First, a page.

Over at his blog, Dan Cohen writes about “The Pirate Problem” in digital history. He says that “the digital humanities represent a scary, rule-breaking, swashbuckling movement for many historians and other scholars. We must remember that these scholars have had—for generations and still in today’s graduate schools—a very clear path for how they do their work, publish, and get rewarded.” It is a somber look at what digital humanitarians have to face when explaining what digital history means the profession.
The transformation of the way we research, write, and present the past is no doubt a big change for the profession, and apprehension is to be expected. Prof. Bill Turkel, who is visiting UNL today and tomorrow, remarked this morning that the transformation must be akin to the introduction of the word processor. Historians who had for years labored over a typewriter must have been stunned by how quickly their students could produce assignments. The same thing is happening in digital history, where our ability to search Google or online databases such as American Memory or America: History and Life eases the process of research. Rather than spend copious amounts of time straining my vision with a microfilm machine, I can keyword search the 19th Century U.S. Newspapers database to locate articles related to my topic at hand. I can type in William Jennings Bryan and locate the ninety-five citations of his name in their database in an instant. The process of locating sources quickens, but the job of the historian to assess the source remains.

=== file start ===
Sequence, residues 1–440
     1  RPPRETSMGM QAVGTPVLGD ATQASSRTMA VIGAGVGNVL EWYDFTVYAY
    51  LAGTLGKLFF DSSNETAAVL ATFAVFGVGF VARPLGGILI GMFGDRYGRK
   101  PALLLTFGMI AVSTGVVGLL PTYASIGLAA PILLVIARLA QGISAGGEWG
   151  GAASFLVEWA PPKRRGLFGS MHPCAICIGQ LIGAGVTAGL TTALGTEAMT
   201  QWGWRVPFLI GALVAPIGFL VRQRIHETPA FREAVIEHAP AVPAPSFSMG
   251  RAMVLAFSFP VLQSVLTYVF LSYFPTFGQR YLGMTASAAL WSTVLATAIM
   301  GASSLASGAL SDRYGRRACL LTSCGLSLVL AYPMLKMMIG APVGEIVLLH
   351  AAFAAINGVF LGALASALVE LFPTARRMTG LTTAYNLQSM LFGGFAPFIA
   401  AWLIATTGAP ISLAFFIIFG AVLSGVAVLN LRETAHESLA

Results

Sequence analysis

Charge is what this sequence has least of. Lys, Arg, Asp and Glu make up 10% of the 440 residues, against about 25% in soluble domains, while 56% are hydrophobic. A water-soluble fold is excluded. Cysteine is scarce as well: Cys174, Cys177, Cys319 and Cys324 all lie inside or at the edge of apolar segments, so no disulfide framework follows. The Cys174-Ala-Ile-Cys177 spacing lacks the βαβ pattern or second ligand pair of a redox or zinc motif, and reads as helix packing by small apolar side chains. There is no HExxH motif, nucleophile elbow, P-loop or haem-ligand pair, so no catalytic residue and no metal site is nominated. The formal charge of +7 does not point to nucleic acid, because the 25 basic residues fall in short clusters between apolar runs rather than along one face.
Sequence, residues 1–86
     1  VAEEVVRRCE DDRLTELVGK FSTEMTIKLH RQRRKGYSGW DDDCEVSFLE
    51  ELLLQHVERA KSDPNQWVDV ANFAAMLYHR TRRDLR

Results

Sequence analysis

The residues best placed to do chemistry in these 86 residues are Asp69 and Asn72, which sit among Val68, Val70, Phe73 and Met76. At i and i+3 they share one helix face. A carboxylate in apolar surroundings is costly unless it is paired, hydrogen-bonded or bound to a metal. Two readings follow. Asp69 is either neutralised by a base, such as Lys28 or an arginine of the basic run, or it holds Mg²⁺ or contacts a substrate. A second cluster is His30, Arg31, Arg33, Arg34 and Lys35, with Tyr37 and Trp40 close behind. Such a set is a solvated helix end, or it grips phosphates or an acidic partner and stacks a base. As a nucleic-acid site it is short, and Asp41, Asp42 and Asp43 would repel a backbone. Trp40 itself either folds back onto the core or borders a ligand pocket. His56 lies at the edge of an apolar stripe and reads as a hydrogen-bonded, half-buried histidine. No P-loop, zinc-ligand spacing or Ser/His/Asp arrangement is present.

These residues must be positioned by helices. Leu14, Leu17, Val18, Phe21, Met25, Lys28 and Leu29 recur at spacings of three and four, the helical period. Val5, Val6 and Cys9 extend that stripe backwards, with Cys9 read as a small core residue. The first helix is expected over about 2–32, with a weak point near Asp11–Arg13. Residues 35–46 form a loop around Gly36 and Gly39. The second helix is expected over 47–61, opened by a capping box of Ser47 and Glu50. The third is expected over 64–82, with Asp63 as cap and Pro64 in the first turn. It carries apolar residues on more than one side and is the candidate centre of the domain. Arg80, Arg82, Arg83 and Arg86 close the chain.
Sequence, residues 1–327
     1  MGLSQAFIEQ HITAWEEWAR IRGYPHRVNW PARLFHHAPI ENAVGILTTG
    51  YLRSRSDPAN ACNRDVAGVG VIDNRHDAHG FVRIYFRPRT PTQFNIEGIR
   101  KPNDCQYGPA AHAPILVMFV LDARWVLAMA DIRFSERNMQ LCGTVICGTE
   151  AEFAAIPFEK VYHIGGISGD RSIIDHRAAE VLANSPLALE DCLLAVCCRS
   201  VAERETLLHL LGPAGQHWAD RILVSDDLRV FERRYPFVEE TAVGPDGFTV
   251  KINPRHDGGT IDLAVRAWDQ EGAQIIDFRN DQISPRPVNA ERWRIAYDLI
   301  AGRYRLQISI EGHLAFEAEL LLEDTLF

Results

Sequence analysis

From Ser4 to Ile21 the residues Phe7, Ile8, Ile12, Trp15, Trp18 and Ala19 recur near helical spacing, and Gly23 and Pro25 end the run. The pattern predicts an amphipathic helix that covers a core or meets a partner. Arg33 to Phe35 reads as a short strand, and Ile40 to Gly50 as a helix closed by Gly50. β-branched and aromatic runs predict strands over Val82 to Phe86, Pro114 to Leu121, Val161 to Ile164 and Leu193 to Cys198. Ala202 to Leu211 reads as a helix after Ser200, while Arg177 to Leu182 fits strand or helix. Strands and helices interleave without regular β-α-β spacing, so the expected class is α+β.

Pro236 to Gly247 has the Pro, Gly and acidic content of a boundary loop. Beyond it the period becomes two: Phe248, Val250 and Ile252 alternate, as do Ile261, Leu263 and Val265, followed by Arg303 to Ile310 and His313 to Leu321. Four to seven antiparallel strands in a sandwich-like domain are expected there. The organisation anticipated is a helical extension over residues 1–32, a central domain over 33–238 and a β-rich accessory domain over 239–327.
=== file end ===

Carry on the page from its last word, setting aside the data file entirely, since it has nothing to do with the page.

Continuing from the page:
As Cohen pointed out, this is a new way of research. Rather than examine letters and newspapers contained in a bankers box, we have instant access to thousands of digitized resources. The traditional path of scouring archives, reading sources closely, generating copious notes and examples, synthesizing and analyzing the information, writing a monograph, and receiving tenure has been changed because research and the presentation of history itself is changing. I want to assure those who are skeptical of digital history that this field is not trying to upend the traditional practice of history; this is not Cliometrics 2.0. One of the great aspects of digital history is the ability to utilize new tools to make our jobs easier, like Google Books or newspaper databases, and to present the past in new ways that cannot be replicated in a monograph. In a large sense, digital history will combine both the “old” and the “new” realms. We have new ways of locating historical material, but the ways that we assess that material will not go away.
Cohen’s clarion call that digital historians “threaten to take that calm ship into unknown waters” certainly rings true, but that does not mean we should avoid the concepts that allow us to explore and understand the past in new ways. Additionally, more and more people are turning to the web for information and go no further. Shouldn’t historians have a role in helping define and create what constitutes “good” history on the web?
[Photo credit: jcarter]